Multithread Development with Open Inventor

Reference

There are many books available on multithreaded programming and we don't claim these are the only good ones, but we can recommend:
  • "Programming with POSIX Threads", Butenhof, Addison-Wesley.
  • "Win32 Multithreaded Programming", Cohen & Woodring, O'Reilly Press.

System Dependencies

On Windows:

Open Inventor uses native Win32 thread and thread control functions. Windows itself is multithreaded and uses these functions, so no additional libraries need to be linked. Open Inventor applications should already be using the "MultiThreaded DLL" version of the C/C++ runtime library (msvcrt and msvcrtd).

On UNIX/Linux:

There are several specific issues, including:

  • On most systems, you must explicitly link your program with the POSIX threads library. For example, add "-lpthreads" to your Make file.

  • On most systems, you must call XThreadInit before making any other X Windows calls (including Xt, Motif, GLX, etc). SoXt::threadInit will make this call automatically, but if you don't use SoXt, you must call it yourself.

Performance

Note that the performance of your application will not automatically improve by using multithreaded Open Inventor. The capability to use multiple threads allows an application to potentially improve performance, even (but not necessarily) on a single processor machine. This is because one thread may become blocked waiting for a resource, such as a disk access, and because one thread may not be able to keep the graphics pipe busy.
In fact an unmodified program might experience slightly lower performance with multithread support enabled. This is because there is overhead for locking and unlocking mutexes while traversing or modifying the scene graph. For this reason, multithread support is not enabled by default. If you don't need multithread support, don't enable it (continue to use the classic SoXt::init or SoDB::init).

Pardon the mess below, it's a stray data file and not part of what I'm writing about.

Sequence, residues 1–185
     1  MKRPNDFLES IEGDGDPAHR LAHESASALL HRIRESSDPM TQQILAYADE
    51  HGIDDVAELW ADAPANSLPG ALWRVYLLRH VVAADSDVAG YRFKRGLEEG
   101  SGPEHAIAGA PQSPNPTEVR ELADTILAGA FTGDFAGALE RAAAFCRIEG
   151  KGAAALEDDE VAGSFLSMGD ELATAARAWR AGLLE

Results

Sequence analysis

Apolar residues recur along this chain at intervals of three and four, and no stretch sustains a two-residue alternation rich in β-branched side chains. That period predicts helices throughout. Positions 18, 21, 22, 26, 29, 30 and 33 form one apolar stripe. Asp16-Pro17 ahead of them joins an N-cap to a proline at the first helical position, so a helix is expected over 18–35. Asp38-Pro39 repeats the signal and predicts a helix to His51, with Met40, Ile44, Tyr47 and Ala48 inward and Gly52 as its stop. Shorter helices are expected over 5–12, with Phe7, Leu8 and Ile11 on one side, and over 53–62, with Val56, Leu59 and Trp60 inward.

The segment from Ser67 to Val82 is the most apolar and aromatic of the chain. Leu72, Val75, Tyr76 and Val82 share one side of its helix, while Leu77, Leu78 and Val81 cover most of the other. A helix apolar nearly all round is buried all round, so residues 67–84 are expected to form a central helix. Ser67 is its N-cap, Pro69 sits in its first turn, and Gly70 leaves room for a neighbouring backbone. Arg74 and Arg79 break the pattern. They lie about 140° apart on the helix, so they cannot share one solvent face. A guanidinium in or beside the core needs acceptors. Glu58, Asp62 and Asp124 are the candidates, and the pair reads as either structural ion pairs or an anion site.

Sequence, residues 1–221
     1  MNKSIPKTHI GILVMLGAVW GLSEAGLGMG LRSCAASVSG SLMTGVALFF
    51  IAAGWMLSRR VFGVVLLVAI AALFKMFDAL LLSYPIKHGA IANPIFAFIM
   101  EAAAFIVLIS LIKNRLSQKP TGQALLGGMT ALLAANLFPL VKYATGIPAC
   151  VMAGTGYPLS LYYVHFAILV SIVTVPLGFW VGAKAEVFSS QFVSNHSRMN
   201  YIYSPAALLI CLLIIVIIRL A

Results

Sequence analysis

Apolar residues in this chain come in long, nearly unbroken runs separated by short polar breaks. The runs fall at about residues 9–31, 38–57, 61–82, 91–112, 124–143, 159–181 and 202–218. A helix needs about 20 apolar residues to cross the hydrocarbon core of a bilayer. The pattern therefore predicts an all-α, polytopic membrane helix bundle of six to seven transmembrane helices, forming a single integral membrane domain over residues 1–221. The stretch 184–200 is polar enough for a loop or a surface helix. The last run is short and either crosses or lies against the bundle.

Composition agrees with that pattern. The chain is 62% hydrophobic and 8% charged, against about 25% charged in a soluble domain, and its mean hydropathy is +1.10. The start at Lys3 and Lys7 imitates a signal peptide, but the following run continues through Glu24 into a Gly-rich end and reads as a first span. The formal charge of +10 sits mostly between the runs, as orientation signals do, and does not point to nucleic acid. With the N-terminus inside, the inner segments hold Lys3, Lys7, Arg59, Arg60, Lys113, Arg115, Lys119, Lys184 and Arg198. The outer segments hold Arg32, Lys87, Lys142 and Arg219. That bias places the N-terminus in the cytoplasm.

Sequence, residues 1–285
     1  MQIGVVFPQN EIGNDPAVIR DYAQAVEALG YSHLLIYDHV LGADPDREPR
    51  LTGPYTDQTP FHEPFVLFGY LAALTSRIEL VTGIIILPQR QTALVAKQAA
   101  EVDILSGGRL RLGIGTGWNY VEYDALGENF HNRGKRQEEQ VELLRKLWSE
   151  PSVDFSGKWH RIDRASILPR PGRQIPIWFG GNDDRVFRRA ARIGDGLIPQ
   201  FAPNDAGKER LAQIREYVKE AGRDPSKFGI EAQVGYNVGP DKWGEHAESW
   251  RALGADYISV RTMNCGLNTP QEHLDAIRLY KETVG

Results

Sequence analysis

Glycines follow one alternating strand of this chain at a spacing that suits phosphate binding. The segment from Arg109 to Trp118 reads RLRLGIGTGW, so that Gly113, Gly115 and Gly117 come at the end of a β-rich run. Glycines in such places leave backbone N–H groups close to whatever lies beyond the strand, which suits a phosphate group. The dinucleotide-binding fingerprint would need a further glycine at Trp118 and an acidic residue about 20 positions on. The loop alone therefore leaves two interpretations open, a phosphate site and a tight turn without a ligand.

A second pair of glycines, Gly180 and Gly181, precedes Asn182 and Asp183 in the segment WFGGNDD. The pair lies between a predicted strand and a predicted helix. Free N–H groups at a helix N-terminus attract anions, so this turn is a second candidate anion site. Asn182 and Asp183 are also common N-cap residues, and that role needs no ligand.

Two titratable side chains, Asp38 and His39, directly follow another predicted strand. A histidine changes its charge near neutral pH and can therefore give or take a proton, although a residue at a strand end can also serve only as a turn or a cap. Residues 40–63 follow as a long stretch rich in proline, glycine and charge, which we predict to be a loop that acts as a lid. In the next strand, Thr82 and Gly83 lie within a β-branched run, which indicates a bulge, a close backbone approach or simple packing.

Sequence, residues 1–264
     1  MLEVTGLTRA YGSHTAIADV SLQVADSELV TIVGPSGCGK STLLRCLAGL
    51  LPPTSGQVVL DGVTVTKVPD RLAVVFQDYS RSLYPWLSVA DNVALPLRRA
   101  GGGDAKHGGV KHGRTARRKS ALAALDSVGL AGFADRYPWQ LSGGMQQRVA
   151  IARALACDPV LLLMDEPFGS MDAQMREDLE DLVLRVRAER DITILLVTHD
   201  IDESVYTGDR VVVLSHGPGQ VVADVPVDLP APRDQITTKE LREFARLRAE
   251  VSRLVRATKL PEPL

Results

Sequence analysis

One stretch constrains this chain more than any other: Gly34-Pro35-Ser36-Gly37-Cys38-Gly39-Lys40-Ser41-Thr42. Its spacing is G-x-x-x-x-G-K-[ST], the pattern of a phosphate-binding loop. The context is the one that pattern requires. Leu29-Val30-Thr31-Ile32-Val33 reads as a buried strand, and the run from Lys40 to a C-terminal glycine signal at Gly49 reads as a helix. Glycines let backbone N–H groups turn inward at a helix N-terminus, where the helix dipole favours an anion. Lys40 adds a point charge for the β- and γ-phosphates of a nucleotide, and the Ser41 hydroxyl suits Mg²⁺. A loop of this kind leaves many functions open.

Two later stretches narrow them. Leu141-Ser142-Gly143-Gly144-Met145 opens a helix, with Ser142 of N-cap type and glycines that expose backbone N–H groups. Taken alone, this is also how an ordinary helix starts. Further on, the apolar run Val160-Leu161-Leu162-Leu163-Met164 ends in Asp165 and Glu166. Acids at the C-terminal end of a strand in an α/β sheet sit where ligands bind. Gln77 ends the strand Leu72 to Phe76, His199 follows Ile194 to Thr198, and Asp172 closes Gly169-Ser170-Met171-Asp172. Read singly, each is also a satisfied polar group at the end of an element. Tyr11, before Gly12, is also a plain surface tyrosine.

When multithread support is enabled, it is even more important to use the usual optimization techniques for Open Inventor. For example, one of the benefits of render caching is that it avoids the overhead of scene graph traversal for the cached subgraph. In the multithread case, render caching also avoids the overhead of locking and unlocking mutexes in the cached subgraph.At the same time, there is some additional overhead in using render caches (checking if possible to use a render cache and if possible to build a render cache).
So ideally render caches should contain as large a subgraph as possible (as opposed to caching individual Separators at the "leaf" nodes of the scene graph). Also try to identify cases where caching will never be possible, for example Separators above a camera or 2D text, and make Open Inventor aware of this by disabling render caching at those nodes. There is no caching overhead for a node where caching is explicitly disabled.

There is additional overhead for Open Inventor "notification". It's always a good idea to minimize this overhead, but even more important when multithread support is enabled. By default notification happens every time a field or child list is modified. If a scene graph update requires modification of multiple fields (or child lists), it is usually unnecessary and inefficient to do notification on every individual change. It is better to disable notification on the affected nodes, make the changes, then trigger notification explicitly. You can do this by calling touch() on a node that has notification enabled. NOTE: Disabling notification may not be appropriate if the node has fields connected to other fields and/or engines.

Multithread Programming with Open Inventor

Be sure to read the "System Dependencies" section for notes about compiling and linking multithread programs.

Open Inventor's multithread support is designed to work with different application architectures and with other software tools.

How can I use threads with Open Inventor?

There are many possibilities. Here are some ideas to get you started:

  1. One thread for rendering, another thread for computation
  2. Multiple threads rendering different scene graphs
  3. Multiple threads rendering the same scene graph